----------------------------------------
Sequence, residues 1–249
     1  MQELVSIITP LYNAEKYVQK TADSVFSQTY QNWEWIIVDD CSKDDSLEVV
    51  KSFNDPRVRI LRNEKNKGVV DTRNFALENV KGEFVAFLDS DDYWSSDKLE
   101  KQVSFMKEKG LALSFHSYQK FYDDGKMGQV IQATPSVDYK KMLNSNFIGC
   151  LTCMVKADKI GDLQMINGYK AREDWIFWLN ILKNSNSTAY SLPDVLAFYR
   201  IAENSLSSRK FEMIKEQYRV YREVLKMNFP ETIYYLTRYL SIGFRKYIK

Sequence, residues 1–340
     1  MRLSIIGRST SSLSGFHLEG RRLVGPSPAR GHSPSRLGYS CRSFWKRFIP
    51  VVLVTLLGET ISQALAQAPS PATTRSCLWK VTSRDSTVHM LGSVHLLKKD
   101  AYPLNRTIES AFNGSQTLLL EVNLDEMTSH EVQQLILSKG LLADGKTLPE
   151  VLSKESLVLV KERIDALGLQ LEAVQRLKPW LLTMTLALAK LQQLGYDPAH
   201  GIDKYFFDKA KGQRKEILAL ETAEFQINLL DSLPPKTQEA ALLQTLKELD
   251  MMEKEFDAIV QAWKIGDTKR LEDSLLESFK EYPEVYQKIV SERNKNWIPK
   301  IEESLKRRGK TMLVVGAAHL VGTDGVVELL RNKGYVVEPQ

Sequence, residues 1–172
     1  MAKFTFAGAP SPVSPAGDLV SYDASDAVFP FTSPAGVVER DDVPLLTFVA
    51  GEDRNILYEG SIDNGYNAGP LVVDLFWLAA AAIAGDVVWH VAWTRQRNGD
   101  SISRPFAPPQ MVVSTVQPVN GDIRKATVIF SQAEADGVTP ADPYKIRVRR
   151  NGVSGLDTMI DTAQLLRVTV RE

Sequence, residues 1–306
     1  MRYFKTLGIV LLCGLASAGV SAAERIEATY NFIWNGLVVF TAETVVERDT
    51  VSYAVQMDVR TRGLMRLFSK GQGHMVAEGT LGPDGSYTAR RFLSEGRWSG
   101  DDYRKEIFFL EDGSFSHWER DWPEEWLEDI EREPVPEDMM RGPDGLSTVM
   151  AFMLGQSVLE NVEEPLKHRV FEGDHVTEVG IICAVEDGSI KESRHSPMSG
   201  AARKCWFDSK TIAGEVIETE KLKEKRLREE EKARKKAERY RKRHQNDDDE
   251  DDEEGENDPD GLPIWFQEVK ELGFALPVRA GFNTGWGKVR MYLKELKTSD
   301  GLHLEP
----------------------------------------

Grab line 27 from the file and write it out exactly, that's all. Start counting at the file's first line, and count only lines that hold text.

   301  GLHLEP